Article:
2

The sentence is:

I’d encourage everyone to read as far into these sections as interest and patience allow.

Why it's "read ... into" and not simply "read", like this sentence:

I’d encourage everyone to read these sections as far as interest and patience allow.

I found it confusing mostly because my dictionary says the phrasal verb "read into" implies a negative meaning:

read into [read sth into sth]: think that a situation, action etc has a meaning or importance that it does not really have

4

The first example is not the phrasal verb read into; it's the verb read, followed by the preposition into.

Where are the students supposed to read? Far into the sections.

Not all word combinations that make up phrasal verbs are phrasal verbs. Correct parsing is essential. For example, the phrase go far has its own entry in the dictionary. However, in the sentence:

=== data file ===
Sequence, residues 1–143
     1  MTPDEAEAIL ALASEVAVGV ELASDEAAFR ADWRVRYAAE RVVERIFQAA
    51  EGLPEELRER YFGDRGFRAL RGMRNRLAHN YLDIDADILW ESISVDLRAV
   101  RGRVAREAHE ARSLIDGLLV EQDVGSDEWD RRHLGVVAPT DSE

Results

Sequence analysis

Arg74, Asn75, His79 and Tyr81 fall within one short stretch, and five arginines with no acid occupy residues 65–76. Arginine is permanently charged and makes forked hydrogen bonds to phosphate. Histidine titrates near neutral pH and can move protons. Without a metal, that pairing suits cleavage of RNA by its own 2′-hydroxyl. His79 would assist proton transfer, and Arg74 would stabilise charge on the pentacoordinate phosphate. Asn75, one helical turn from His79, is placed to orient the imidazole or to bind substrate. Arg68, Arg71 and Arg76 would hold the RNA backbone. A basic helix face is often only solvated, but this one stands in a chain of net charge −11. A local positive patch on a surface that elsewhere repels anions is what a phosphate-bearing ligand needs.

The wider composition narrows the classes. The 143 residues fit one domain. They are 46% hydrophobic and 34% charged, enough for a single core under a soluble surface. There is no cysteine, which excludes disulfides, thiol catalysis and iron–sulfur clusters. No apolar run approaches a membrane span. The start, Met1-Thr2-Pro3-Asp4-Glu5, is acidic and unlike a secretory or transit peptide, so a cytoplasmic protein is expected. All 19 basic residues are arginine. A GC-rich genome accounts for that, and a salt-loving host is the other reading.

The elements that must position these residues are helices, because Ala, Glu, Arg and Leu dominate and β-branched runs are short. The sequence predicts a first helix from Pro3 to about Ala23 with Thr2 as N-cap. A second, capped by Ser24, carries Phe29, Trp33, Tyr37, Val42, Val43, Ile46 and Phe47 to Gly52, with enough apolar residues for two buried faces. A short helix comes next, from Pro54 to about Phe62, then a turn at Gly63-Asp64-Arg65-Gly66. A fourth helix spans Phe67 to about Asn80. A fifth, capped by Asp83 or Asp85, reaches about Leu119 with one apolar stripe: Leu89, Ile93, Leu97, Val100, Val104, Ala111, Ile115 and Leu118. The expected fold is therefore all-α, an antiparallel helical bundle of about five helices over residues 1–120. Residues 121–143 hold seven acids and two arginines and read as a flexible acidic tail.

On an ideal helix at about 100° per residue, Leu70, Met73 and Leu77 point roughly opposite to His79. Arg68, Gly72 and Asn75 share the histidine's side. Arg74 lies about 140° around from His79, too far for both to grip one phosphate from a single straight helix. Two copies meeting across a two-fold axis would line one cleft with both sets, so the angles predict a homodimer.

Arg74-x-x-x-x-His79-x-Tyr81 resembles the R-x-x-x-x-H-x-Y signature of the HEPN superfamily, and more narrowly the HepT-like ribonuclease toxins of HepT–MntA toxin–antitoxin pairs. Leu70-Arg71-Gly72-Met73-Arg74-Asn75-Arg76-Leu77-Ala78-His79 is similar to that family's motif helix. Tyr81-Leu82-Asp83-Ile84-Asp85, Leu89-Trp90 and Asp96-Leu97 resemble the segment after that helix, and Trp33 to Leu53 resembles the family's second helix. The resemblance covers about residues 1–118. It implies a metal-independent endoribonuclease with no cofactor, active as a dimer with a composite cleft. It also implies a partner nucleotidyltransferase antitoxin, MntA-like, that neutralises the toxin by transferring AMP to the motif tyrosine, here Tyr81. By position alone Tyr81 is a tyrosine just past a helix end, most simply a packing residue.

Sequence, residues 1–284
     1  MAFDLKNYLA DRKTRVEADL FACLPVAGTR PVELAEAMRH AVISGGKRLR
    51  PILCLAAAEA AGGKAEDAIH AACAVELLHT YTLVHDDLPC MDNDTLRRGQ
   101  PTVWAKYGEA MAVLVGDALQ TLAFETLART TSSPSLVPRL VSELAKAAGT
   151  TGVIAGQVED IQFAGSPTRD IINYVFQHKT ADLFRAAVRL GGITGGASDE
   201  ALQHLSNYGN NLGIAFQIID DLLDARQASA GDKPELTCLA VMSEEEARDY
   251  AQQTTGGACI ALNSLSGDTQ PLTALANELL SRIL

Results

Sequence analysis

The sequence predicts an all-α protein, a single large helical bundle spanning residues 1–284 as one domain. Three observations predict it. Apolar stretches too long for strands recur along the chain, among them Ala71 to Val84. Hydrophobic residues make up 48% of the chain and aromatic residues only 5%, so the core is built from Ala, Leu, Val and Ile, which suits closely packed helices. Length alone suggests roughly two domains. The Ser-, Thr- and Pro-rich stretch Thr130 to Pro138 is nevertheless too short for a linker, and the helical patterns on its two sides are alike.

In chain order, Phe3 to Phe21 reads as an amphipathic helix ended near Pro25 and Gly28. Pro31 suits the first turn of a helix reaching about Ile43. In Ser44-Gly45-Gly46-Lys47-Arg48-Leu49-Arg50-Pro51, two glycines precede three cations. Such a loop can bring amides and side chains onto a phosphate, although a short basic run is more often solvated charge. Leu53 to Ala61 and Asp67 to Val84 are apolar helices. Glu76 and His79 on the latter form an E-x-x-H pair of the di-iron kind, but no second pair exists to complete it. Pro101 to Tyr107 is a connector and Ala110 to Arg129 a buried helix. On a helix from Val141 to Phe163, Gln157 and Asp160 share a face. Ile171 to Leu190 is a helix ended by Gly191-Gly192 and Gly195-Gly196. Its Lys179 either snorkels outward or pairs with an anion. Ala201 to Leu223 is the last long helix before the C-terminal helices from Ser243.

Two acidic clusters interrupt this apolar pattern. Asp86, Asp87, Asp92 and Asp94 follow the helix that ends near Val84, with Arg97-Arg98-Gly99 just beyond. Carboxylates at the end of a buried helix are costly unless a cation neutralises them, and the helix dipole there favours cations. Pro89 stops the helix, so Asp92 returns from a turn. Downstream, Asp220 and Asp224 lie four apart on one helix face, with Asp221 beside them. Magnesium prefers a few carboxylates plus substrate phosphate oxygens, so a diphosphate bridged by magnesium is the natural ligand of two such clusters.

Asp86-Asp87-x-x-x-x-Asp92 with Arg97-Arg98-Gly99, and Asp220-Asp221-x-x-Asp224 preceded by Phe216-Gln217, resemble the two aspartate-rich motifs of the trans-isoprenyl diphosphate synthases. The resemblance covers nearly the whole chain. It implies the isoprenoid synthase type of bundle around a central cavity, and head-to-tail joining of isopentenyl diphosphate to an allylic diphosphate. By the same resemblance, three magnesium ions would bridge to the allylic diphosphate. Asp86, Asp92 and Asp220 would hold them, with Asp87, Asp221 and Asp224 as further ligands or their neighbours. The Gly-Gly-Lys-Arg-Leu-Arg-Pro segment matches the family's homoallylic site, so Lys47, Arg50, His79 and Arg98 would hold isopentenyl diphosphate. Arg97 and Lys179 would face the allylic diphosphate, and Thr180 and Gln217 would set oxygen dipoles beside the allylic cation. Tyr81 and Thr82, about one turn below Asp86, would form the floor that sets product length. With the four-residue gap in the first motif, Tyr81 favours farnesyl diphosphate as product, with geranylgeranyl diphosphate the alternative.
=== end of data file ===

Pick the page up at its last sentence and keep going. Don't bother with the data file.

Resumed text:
We had to go far down the road before we finally found a gas station.

the words go and far are not linked together. We might have just as well said:

We had to walk far down the road before we finally found a gas station.

or:

We had to go a long way down the road before we finally found a gas station.

If one of the words in a possible phrasal verb can be substututed with a synonym, then it's probably not a phrasal verb. In your sentence, we could reprhase it as:

I’d encourage everyone to study as far into these sections as interest and patience allow.

2

I think the intended meaning becomes clearer if you associate "into" with "as far" instead of associating it with "read"

I’d encourage everyone to read as far into these sections as interest and patience allow.

This would remove the ambiguity:

I’d encourage everyone to read as much of these sections as interest and patience allow.

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